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Do Something

By Cana Yao


The girl sits in an unfamiliar room. She’s surrounded by people, but she has never felt more alone. She can feel the sunlight streaming in, yet everything seems so dark, so cold.


It’s not because of the condition which has been stealing away her eyesight, which has already stolen away her hearing. She has lived with that for over twenty years, gotten used to the muted sounds and blurred colors. But she’s not used to this.


She longs for the water, yearns to set records and smash barriers like she used to.


But she can’t do any of this the way the committee wants her to do it: alone.


She turns away from the men in suits who are arguing about her last chance to be a paralympian. Trying to explain their decision to her parents, to her coach, pointing to slideshows that she can barely see.


We can only take essential personnel, they say. There’s nothing we can do, they say. We just don’t have time to arrange everything, they say. We don’t make the rules, it’s not our choice, they say, we’re sorry.


The girl is tired of this. “No, you are not; and yes, you do,” she says, standing up.


“Excuse me, ma’am?” someone asks, more shocked than he should be.


She clears her throat. “No, you are not sorry. Yes, you do make the rules. We’ve talked to Maryland. We’ve talked to Japan. It’s not the government, it’s the committee. You do have a choice.”


“Exactly,” her mom says. “The Paralympics mean the world to her, to us. She’s been training her whole life--you can’t take this away! If you had asked the right people, if only you had cared enough…”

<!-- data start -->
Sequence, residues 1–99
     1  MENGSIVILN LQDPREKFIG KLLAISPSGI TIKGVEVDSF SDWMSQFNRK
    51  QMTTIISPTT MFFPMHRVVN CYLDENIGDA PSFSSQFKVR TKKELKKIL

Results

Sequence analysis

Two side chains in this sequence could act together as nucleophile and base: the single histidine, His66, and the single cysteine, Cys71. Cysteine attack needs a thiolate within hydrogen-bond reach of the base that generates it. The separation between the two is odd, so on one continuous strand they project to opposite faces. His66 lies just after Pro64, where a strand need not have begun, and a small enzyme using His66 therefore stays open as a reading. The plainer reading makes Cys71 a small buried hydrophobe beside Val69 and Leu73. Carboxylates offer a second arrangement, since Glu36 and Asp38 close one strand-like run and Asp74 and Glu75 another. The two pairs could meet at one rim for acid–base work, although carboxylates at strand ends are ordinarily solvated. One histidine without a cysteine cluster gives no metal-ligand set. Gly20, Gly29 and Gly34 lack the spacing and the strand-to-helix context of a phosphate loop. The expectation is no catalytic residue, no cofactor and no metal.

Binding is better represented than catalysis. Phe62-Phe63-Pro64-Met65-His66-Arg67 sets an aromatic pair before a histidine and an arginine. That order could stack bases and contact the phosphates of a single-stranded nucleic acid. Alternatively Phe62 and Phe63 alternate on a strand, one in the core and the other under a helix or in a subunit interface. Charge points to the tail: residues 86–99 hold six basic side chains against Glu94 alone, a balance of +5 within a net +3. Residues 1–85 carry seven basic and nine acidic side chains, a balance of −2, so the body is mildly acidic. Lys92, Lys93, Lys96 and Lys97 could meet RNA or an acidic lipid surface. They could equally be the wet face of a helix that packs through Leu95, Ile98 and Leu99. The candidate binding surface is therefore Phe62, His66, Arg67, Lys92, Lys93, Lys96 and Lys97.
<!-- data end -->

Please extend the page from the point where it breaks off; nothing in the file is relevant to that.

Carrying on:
“You did have enough time,” her dad adds. “You’ve had since February to arrange this, but you kept putting it away like it didn’t matter.”


“There’s everything you can do!” her coach roars. “Everything!”


Her mom places a calming hand on the Coach’s shoulder. “He’s right,” whispers the wheelchair basketball player sitting to her left. “You had a chance. You had time. You still have a choice.”


She smiles at the basketball player, then turns back to the men in suits. “Who says that my personal care assistant, my seeing eye, isn’t essential? Who says that his personal care assistant isn’t?” she says, pointing to the basketball player. “If you really care about breaking barriers, if you really care about the spirit of sport…”


A woman in a skirt suit looks at the girl. “But, ma’am, we do. We really do.”


“Then make the right choice, not the easy one. There’s still time,” says a gymnast sitting in a corner. “Prove you care. Do something.”


“I hope and trust that someday, you will do something,” the girl adds. “For her. For him. For me. For all of us. But until that day comes, don’t expect me to swim for Team USA.” And with that, the blind-deaf swimmer picks up her cane and walks out of the room, shakily, but with confidence and conviction.


The basketball player who can’t walk motions with his good hand for his assistant to push his wheelchair out of the room, too. He is followed by the skier who can’t walk and the gymnast who can’t see. They all have their can’ts, but they all have their cans too. And they all have hope for change.


This story is based on the true story of Becca Meyers, a two-time paralympian. The deaf-blind swimmer has had to withdraw from the 2021 Paralympics after the United States Olympic and Paralympic Committee banned personal care assistants from the Games.


This story was written as part of the author’s PCA project, which is focused on petitioning the USOPC, because no athlete should have to choose between their health, safety, and comfort, and a hard-earned chance to fulfill a lifelong dream.


This story isn’t over yet. Please check out the PCA project’s website and petition to learn more about Personal Care Assistants and join the PCA project’s fight for change.

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